They gave their lives in the fulfillment of their dreams
Space flight has inspired us even as far back in time as when "state-of-the-art" was a hot air balloon. What Jules Verne began through his creativity in From the Earth to the Moon has been carried over the years by the Wright brothers, Charles Lindbergh, Neil Armstrong, and countless others. Space flight has been one of the greatest achievements of the 20th Century - one could argue that it is the greatest achievement - that we have been lucky enough to continue into this century. But as we have on occasion been reminded, it can be a cruel and unforgiving form of exploration.
It is impossible to express what the Columbia space shuttle disaster means to all of us. What purpose will it serve? Will it lead to renewed dedication or necessary criticism as we saw after the 1967 Apollo fire and the 1986 Challenger disaster? Today it is too early to tell. Instead I propose to those who wish to commemorate the lives lost in the space shuttle Columbia that they take a few minutes, read the names of each crew member, and read their biographies. Although write-ups of their lives are everywhere - CNN.com, USAToday.com, MSNBC.com, etc. - a great place to start is at the source, NASA or the Kennedy Space Center.
An exceptional rookie astronaut, even among other astronauts
This mission, NASA space mission STS-107, was in many ways no different than so many space shuttle missions after the Challenger disaster. It was a "routine" mission. The exceptional part of this Columbia crew was one payload specialist, Colonel Ilan Ramon of the Israeli Air Force. When I first saw a picture of Col. Ramon I thought, "Wow, this guy must be something else to have been handpicked as Israel's first astronaut." I figured that his privilege to fly in space must have been a form of recognition for years of service to his small country. As it turns out I was only partly right. Just one year out of high school, Ramon fought in the 1973 Yom Kippur War. This was an especially brutal war both on the ground and in the air. He then became a fighter pilot in 1974, logged over 3,000 miles in a mix of fighter jets, and flew combat missions in Israel's 1982 War in Lebanon..
The next widely reported fact about Col. Ramon is what he did in 1981. On Jun 7, 1981, eight Israeli F-16 fighter jets flew into Iraq and destroyed a nuclear reactor under construction outside of Baghdad. World opinion, except for the United States, found this to be appalling. I remember thinking back then that it was nothing short of heroic, and it was indicative of the gutsy culture of the the Israeli government and its military. Col. Ramon flew one of the fighters that bombed that nuclear reactor. He was an Israeli hero. This was enough for me, but his biography told me more.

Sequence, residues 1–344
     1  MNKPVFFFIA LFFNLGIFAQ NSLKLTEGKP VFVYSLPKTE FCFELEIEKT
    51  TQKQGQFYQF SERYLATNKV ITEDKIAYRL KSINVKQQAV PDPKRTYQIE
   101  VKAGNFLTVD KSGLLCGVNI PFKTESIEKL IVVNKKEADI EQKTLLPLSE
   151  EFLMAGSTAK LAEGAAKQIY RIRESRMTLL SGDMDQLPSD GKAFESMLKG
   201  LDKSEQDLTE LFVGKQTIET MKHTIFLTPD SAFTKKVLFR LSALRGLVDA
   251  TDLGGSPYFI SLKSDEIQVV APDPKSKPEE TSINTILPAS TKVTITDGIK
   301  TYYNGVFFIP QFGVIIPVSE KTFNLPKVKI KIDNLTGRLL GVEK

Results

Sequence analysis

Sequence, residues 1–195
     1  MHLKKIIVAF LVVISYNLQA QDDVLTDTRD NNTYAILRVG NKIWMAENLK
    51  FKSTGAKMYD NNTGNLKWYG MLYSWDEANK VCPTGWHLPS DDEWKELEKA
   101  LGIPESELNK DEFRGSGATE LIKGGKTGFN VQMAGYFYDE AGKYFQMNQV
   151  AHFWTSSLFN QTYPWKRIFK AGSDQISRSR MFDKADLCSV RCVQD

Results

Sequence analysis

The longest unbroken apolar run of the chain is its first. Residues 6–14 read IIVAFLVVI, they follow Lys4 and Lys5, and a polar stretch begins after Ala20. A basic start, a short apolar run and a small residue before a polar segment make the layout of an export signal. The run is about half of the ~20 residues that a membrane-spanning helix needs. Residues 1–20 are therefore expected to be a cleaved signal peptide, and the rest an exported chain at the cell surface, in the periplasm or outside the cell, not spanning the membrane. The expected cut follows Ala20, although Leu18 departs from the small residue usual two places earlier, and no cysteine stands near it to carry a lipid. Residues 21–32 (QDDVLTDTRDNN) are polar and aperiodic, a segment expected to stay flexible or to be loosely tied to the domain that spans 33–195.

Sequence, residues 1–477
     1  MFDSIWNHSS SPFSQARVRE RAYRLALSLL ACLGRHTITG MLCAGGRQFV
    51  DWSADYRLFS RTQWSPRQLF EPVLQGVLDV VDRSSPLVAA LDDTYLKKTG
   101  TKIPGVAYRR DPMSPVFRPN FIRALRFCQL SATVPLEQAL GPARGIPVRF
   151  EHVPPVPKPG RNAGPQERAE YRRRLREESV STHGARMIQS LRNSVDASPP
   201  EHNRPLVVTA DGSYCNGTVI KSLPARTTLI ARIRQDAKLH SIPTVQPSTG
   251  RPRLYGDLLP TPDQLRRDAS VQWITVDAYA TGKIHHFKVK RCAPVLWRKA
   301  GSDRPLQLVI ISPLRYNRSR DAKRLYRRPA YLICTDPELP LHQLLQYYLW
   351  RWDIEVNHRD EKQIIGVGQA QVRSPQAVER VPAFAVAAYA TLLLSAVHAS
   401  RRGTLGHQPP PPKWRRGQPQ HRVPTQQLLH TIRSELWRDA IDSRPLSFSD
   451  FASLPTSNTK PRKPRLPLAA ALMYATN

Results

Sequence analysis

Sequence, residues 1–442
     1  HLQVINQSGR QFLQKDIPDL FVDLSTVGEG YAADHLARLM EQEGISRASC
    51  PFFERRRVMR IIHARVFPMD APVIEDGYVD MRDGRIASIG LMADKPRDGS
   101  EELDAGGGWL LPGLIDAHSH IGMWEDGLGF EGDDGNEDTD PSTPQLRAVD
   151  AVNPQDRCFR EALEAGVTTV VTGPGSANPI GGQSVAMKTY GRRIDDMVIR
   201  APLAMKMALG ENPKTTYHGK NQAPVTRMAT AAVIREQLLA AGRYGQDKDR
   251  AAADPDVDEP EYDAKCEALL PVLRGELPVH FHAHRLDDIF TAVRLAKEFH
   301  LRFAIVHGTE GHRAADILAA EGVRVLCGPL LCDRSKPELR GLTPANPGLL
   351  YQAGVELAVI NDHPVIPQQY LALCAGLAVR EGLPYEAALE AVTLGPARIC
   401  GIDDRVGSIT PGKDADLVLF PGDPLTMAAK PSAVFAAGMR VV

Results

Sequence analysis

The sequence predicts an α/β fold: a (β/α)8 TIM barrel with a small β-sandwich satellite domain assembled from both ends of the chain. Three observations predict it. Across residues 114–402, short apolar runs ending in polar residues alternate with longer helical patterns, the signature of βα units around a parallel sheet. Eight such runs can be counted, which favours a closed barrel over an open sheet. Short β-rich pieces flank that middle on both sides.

Col. Ramon was an accomplished engineer. During the mid 1990s he led different research and development offices as he rose in the Israeli Air Force. By the time he began astronaut training in 1998 his career resembled that of the Original Seven astronauts, as opposed to the role of scientist/astronaut for which he was chosen. His work while at NASA reveals that he had the keen engineering mind to match his skills as a jet fighter pilot.
The legacy of Columbia's last journey
The bittersweet finale of the Columbia crew is that they were returning from a successful space mission. The Challenger crew was cut short on their way into orbit, but for sixteen days the crew of Columbia went about their business. It now seems apparent that they were mindful of their privilege to fly in space. They were in fact also fulfilling the dreams of millions around the world. And dreams should not be underestimated.
In this same spirit, while we mourn the loss of seven lives, we should for a brief moment feel happy at their accomplishments and fulfillment. They "went about their business," maintaining a link in a chain of space travelers that will continue long after them.
As far as we have come since Yuri Gagarin's first space flight in 1961, hundreds of years from now people will look back on our space accomplishments as simply first steps. Having orbited the earth, landed on the moon, and lived in a series of space stations, we have only started to reach out into space. Now it falls upon us and future generations to remember another set of pioneers as we continue pushing towards the future.
Space has always been a part of ideas and events.com
Astronaut biographies and other stories of space exploration form some of our favorite books. The 1967 Apollo 1 fire made a lifelong impact on every space pioneer of the 1960s. Apollo 11 astronaut Michael Collins relates this and many other stories in Carrying the Fire.
But we have other NASA stories to pass on. Ideas and events.com has recently expanded with book reviews in Amazon.com. Read our book review of Collins' Liftoff and Deke Slayton's autobiography Deke! Our reviews are listed under the author firstname.lastname@example.org.
Posted Monday February 3, 2003.